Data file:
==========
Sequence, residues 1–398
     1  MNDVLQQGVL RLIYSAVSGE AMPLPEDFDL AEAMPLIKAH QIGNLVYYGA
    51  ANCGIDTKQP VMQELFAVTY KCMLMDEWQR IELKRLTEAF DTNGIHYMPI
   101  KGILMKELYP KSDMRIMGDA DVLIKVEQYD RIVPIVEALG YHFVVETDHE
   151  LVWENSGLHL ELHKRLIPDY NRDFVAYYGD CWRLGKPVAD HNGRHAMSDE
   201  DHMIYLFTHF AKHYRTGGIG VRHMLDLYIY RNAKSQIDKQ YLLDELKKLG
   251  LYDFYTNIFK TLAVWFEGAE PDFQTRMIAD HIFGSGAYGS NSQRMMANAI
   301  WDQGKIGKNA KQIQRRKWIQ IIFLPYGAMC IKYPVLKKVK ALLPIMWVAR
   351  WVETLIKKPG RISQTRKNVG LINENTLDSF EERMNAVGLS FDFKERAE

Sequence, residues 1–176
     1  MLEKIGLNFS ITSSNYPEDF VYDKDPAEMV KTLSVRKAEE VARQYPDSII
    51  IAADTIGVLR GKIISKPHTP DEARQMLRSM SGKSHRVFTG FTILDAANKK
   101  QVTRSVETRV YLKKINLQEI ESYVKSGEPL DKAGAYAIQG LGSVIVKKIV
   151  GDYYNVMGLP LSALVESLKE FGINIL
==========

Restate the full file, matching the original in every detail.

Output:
Sequence, residues 1–398
     1  MNDVLQQGVL RLIYSAVSGE AMPLPEDFDL AEAMPLIKAH QIGNLVYYGA
    51  ANCGIDTKQP VMQELFAVTY KCMLMDEWQR IELKRLTEAF DTNGIHYMPI
   101  KGILMKELYP KSDMRIMGDA DVLIKVEQYD RIVPIVEALG YHFVVETDHE
   151  LVWENSGLHL ELHKRLIPDY NRDFVAYYGD CWRLGKPVAD HNGRHAMSDE
   201  DHMIYLFTHF AKHYRTGGIG VRHMLDLYIY RNAKSQIDKQ YLLDELKKLG
   251  LYDFYTNIFK TLAVWFEGAE PDFQTRMIAD HIFGSGAYGS NSQRMMANAI
   301  WDQGKIGKNA KQIQRRKWIQ IIFLPYGAMC IKYPVLKKVK ALLPIMWVAR
   351  WVETLIKKPG RISQTRKNVG LINENTLDSF EERMNAVGLS FDFKERAE

Sequence, residues 1–176
     1  MLEKIGLNFS ITSSNYPEDF VYDKDPAEMV KTLSVRKAEE VARQYPDSII
    51  IAADTIGVLR GKIISKPHTP DEARQMLRSM SGKSHRVFTG FTILDAANKK
   101  QVTRSVETRV YLKKINLQEI ESYVKSGEPL DKAGAYAIQG LGSVIVKKIV
   151  GDYYNVMGLP LSALVESLKE FGINIL